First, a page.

Most of the bee equipment burnt with the house but some was left in the barn. I have some super frames which I could take the bottom bar off of so the bees could make the comb the length they want. They would be nice because the side pieces have the spacers. I also have a queen excluder so I could chisel a space for that in the top super for harvesting. The top of the stump is where the tree had been previously topped and then the libs grew out into new tops which were cut off and they sealed with pitch when the tree tried to grow again but did not have any viable buds. So that should make a good lid. Should be enough stump to make a couple extra hives. wonder if my neighbors would trade for bees?


Hans Albert Quistorff, LMP
http://www.keypeninsulafarms.com/land_available.html
Michael Cox


Joined: Jun 09, 2013
Posts: 956
Location: Kent, UK - Zone 8
    
  25
I was thinking some more about this last night. I bet you could knock up a load of great swarm traps like this. I have some logs to work with following last months storms so may give it a go later this week. I want to put out a dozen swarm traps this year.

You can use bees trapped in a log like this to start off a series of splits using a hogan style trapout and transfer them to a top bar hive or conventional system - log goes back out as a lovely smelling trap complete with wax and brood smell.
Victor Johanson


Joined: Oct 18, 2011
Posts: 267
Location: Fairbanks, Alaska
    
  10
A great idea, but hopefully the bee police will stay away. This kind of hive is illegal in most places in the US, where regulations usually mandate removable frames for easy inspections. I personally think that civil disobedience to such restrictions, which were clearly instigated by industrial beekeeping (the moneygrubbing entity that created the current problem) is in order. Down with The Man!


Vic Johanson

"I must Create a System, or be enslaved by another Man's"--William Blake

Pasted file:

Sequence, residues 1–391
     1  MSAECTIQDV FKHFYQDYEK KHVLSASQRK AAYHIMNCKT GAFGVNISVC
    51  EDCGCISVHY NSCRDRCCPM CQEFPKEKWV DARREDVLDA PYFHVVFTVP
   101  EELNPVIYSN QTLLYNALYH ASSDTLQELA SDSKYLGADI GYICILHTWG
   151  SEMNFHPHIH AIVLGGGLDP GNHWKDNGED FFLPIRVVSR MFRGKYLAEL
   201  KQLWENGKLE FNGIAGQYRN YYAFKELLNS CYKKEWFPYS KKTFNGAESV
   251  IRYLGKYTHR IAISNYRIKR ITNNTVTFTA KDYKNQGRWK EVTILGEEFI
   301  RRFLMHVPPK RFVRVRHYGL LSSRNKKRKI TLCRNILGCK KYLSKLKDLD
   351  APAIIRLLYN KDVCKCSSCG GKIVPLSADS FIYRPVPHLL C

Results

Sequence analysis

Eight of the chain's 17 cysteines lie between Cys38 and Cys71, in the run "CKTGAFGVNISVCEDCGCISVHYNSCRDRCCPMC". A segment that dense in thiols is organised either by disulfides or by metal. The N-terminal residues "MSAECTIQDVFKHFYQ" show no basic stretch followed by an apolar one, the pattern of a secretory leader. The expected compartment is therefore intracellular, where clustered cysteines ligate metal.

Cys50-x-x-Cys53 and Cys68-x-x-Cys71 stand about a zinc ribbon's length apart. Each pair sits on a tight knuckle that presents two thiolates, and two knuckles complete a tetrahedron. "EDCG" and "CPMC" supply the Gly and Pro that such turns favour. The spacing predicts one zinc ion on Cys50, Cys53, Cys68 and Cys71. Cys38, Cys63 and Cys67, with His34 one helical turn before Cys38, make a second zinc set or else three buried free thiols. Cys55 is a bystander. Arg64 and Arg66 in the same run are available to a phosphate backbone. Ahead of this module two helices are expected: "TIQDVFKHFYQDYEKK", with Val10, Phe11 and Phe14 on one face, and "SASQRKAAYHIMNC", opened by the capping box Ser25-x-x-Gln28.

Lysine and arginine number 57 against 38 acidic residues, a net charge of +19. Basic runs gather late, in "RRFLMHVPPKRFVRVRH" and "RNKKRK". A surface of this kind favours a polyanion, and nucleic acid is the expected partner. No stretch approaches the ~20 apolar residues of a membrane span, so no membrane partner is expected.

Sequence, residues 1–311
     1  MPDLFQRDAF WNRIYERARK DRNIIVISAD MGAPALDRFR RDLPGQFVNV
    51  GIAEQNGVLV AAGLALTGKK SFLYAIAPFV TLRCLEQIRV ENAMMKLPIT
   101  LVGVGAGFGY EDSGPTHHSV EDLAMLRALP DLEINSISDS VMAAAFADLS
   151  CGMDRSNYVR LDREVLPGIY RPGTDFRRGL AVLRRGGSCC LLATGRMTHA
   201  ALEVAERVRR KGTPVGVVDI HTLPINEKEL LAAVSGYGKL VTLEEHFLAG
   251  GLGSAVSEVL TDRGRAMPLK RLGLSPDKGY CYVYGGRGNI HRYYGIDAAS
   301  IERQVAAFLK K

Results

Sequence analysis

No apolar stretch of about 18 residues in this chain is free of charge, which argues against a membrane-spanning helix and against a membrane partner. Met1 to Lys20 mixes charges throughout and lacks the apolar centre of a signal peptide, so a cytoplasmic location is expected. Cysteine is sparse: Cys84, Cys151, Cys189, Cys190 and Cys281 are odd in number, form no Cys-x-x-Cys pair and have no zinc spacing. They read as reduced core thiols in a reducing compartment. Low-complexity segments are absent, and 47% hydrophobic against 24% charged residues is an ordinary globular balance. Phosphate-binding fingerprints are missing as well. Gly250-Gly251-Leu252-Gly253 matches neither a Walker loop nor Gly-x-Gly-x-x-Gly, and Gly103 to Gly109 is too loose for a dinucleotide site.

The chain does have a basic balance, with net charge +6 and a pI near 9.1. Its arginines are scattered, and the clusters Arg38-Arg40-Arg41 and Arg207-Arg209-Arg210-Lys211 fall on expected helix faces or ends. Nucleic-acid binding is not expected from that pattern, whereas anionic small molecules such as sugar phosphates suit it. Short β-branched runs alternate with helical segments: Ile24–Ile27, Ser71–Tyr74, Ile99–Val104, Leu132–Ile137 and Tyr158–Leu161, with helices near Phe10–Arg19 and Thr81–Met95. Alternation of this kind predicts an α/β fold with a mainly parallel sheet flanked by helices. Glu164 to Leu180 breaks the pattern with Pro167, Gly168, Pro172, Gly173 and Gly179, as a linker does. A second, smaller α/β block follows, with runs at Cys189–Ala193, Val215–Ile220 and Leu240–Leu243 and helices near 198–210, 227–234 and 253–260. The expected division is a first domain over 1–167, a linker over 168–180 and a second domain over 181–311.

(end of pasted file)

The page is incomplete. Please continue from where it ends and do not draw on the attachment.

Amedean Messan
pollinator

Joined: Nov 11, 2010
Posts: 871
Location: Burlington, NC, USA - Woodland, Clay - Zone 7
    
  28
Cj Verde wrote:This is how a Perone hive works. You only harvest the top log/super. The queen is too big to go above. You leave the bottom log where the queen is alone.


That is what I was thinking as well.


Those who hammer their swords into plows will plow for those who don't!
Theresa Brennan


Joined: Jan 26, 2014
Posts: 18
I am intrigued by the idea of leaving honey until spring to harvest as it seems to solve the problem of needing to feed sugar water if there is not enough honey left. I am new to beekeeping and about to get bees this spring btw. So I asked on a beekeeping forum about the idea and I am told that the honey would crystallize and be difficult to harvest and of lesser quality. I am in Ohio and those talking about crystallizing were in cold winter climates also. I just wondered if you could tell me more about whether Sepp does something different to not have it crystallize or if he doesn't mind that it's crystallized? If not, then how does he harvest it? The idea sounds wonderful, just trying to put the pieces together to see if it is something that would work for me.

Here is the discussion on beesource.com: http://www.beesource.com/forums/showthread.php?293530-Harvesting-Honey-in-the-Spring-!-Sepp-Holzer-idea&p=1060726#post1060726

Thanks!
Jacob Saltzman


Joined: Feb 12, 2013
Posts: 8
Location: Sonoma Co, CA
Here is the start of a log hive I'm working on. Help up at the moment because of some carburetor issues… Should be done in a few days, Just needs some end caps and a hole...



[Thumbnail for IMG_2892.JPG]


[Thumbnail for IMG_2896.jpg]

Cj Verde
pollinator

Joined: Oct 18, 2011
Posts: 3128
Location: Vermont, off grid for 22 years!
    
  54
Theresa Brennan wrote:I am intrigued by the idea of leaving honey until spring to harvest as it seems to solve the problem of needing to feed sugar water if there is not enough honey left.


This was not the first time I've heard this idea. If I can remember the other source, I'll post.
David Livingston
pollinator

Joined: Apr 24, 2013
Posts: 970
Location: Anjou ,France
    
  29
leaving enough honey for the bees to eat over winter is pretty standard practice for those of us who are interested in Warré hives . Why feed the bees crap when they need honey ? Each hive needs about 10kg .
Its mentioned in Abbé Warré's book Bee keeping for all

David


Living in Anjou , France
Michael Cox


Joined: Jun 09, 2013
Posts: 956
Location: Kent, UK - Zone 8
    
  25
In my experience crystallised honey comes from feeding on oilseed rape - if you have honey not contaminated with this nectar it tends to not set at all. Rape honey can set in a matter of a week or two.
Theresa Brennan


Joined: Jan 26, 2014
Posts: 18
David Livingston wrote:leaving enough honey for the bees to eat over winter is pretty standard practice for those of us who are interested in Warré hives . Why feed the bees crap when they need honey ? Each hive needs about 10kg .
Its mentioned in Abbé Warré's book Bee keeping for all

David


David,